There is precious little time for preparation now. The "dragon" is at the door! You know, the one whose tail represents inflation, and whose flames represent economic weakness? As mortgage professionals, the flames are generally your friend. Though you morbidly hope for others to get burned, it ultimately helps you run your kingdom better, well, with much lower interest rates anyway. But that tail! Oh, the tail.... Now there's the rub. The more swings the dragon takes with his tail, the more your castle crumbles, at least inasmuch as your walls are built of low interest rates.
All analogies aside, the direction of rates for the remainder of the day and quite possibly the general direction of rates in the short to mid term will be largely impacted by the FOMC's policy statement today. Futures traders and indeed nearly every economist surveyed by major news outlets are quite positive that there will be no change in the benchmark rate. This shifts the focus of analytical efforts entirely on squeezing as much "meaning" out of the policy statement as possible.
Don't pay too much mind to this morning's numbers. The big buys and sells will be coming in after the FOMC announcement. The only reason to consider this morning's numbers are if you are not locked yet and are considering doing so before the announcement.
6.0% FNMA is down 3/32nds to 100-06
6.5% FNMA is down 2/32nds to 102-10
- Durable Goods Orders hit expectations exactly, of 0.0 signaling no growth and no contraction.
- (thanks a lot!)
- MBA purchase applications dropped to a 6.5 year low owing to higher rates and a continuing nauseating housing market
- New Home Sales are due out any moment, but neither this report, nor the MBA (nor durable goods for that matter) are going to have an appreciable impact on the markets on Fed Day.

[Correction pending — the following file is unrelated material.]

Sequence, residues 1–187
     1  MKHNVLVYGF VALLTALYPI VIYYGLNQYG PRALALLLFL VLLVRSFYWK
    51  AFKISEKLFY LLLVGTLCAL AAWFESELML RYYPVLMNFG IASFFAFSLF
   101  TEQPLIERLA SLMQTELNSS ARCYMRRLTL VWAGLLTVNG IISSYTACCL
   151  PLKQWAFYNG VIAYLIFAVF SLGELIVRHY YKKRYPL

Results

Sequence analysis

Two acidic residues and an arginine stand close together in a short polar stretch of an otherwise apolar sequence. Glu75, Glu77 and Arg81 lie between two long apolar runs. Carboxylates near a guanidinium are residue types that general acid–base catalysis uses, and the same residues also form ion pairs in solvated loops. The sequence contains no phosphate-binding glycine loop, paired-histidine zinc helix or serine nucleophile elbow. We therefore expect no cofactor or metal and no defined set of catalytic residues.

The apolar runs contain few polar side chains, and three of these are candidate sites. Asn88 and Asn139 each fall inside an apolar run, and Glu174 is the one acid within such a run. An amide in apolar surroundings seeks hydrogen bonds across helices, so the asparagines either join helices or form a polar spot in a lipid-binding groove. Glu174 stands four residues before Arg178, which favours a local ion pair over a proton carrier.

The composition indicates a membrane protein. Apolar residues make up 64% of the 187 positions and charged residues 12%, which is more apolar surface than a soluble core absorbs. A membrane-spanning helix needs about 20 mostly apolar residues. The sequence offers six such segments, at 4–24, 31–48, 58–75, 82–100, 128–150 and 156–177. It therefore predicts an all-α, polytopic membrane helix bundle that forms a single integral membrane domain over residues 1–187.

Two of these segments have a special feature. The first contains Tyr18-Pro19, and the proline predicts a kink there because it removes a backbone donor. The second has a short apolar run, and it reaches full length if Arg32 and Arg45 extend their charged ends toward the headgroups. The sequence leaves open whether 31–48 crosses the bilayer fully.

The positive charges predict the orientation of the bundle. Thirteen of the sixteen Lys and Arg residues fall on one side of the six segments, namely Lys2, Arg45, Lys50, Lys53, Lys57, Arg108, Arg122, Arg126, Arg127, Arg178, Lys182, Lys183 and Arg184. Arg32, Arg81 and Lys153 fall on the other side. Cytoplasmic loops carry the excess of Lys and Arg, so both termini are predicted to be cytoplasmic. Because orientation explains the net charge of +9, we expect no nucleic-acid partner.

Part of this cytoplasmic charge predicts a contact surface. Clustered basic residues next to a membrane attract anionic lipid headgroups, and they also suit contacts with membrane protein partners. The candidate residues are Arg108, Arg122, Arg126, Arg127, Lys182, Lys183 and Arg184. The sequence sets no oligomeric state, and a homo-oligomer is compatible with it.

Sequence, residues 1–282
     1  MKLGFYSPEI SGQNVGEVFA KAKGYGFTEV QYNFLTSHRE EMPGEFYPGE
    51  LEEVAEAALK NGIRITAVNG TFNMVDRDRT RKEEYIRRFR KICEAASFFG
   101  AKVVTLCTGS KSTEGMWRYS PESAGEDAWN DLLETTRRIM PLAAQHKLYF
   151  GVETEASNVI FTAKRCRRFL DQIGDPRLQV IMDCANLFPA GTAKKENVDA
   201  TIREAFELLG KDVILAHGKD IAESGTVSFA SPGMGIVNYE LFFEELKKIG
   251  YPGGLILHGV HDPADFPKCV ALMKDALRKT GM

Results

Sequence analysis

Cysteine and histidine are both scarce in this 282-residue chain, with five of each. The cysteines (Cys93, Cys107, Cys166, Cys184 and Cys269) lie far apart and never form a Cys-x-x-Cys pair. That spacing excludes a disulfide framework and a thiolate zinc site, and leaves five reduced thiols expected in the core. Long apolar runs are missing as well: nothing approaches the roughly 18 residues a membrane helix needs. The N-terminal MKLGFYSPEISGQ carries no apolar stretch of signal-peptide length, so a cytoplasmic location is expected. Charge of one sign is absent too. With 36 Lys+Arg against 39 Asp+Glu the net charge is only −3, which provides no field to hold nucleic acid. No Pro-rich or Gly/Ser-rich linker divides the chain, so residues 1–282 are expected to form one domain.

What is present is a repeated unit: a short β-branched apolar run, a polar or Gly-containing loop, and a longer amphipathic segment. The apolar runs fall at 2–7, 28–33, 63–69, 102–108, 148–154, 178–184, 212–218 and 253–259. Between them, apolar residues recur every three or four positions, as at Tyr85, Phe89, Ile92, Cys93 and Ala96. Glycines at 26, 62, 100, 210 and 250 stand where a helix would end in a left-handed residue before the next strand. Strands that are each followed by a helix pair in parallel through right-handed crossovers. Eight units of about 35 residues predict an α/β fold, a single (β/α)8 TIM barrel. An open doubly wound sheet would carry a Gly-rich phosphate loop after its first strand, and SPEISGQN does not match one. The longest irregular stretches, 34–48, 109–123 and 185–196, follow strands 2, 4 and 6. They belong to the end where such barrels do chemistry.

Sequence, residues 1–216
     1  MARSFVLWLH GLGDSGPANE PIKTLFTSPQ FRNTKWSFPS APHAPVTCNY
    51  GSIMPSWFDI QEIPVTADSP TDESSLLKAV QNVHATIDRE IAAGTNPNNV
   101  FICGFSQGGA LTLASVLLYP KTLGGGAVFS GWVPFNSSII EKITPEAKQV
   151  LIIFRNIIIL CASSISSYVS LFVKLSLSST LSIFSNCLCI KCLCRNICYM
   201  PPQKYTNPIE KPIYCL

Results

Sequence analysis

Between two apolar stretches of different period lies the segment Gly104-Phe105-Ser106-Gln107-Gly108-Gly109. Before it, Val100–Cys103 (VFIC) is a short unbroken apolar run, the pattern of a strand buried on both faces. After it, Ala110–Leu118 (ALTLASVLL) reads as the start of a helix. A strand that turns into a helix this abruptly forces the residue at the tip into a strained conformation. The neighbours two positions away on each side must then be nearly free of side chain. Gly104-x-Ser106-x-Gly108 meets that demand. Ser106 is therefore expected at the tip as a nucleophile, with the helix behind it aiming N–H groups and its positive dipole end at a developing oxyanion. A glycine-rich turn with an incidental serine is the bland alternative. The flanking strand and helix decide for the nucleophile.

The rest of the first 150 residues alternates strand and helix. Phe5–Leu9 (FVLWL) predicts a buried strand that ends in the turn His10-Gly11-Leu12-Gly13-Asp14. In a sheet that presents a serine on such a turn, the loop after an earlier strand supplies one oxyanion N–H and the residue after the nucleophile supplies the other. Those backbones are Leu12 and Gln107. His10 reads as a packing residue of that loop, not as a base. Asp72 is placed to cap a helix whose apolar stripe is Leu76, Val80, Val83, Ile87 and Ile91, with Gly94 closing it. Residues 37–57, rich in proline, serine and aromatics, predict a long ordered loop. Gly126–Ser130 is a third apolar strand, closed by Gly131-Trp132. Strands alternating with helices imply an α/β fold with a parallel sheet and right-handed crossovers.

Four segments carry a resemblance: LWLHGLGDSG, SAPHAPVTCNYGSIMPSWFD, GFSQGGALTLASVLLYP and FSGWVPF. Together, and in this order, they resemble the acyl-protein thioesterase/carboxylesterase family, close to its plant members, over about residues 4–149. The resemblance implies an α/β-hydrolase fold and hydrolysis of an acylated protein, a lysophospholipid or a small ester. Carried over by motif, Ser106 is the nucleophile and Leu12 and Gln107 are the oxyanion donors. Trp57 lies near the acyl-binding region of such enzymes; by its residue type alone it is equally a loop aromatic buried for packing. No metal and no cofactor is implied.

Of course, the weak economy will be mentioned, but how concerned are Benny and the Jets about economic weakness this time around? The gravity of their diction has in recent weeks has been moderating. So, too, will their verbiage today include further comments on moderation for recessionary pressure? "Downside risks to economic growth remain, but have moderated in recent weeks" or something to that effect? As you may already understand, this would not be good for mortgage rates. We want some austere word choice when it comes to the weakness of the economy, as the weak economy is GENERALLY beneficial for rates.
But then there's that aspect of economic weakness that no one likes. He's the guy you know has been made aware of your party, yet even the most tolerant and inclusive kids--the ones that get along with everyone--are still hoping he doesn't show up. Inflation... This too, of course, will be mentioned. And here too, the question surrounds the gravity of Ben's diction. If "increasing costs remain a(n) _________ concern, and the committee will act as needed to....," and that "blank" is filled in with words like leading, primary, key, important, looming, or worst of all, "increasing," this will be even worse for rates than if Uncle Ben were to come out and say we had a zero risk of further economic slowdown.
Let's recap: economic weakness: good for rates. Inflation: bad for rates. Future rate cuts (alluded to by the appropriate combination of abundance of future concern for economic growth combined with the appropriate dearth of stark inflation assessments, would likely help rates. Future rate hikes, alluded to by the opposite, can go two ways. If rationale behind future rate hikes focuses on the strengthening economy AND inflation is deemed moderate, this can actually help mortgage rates improve, but if the rationale for future hikes depends largely on combating inflation, this can be bad for rates. Granted, as futures have indicated rate increases in the following FOMC meetings in the coming months, and as inflation has been blamed for that, the MBS market has already priced much of that risk into current issues.So it wouldn't be the unbelievably massive sell-off you might think. It would take some seriously and unexpectedly extreme verbiage to catalyze that. The technical forces created by recent market movements have actually gathered--as they do when traders are hedging for future negativity--in such a way that would allow good data today to create a much sharper rally, than bad data could create a sell-off. That, at least, is reassuring, but again, it all depends on the verbiage. We will still lose ground if inflation is the star of the party, but not quite as much ground as we could gain if inflation concern is muted.
Lock or Float: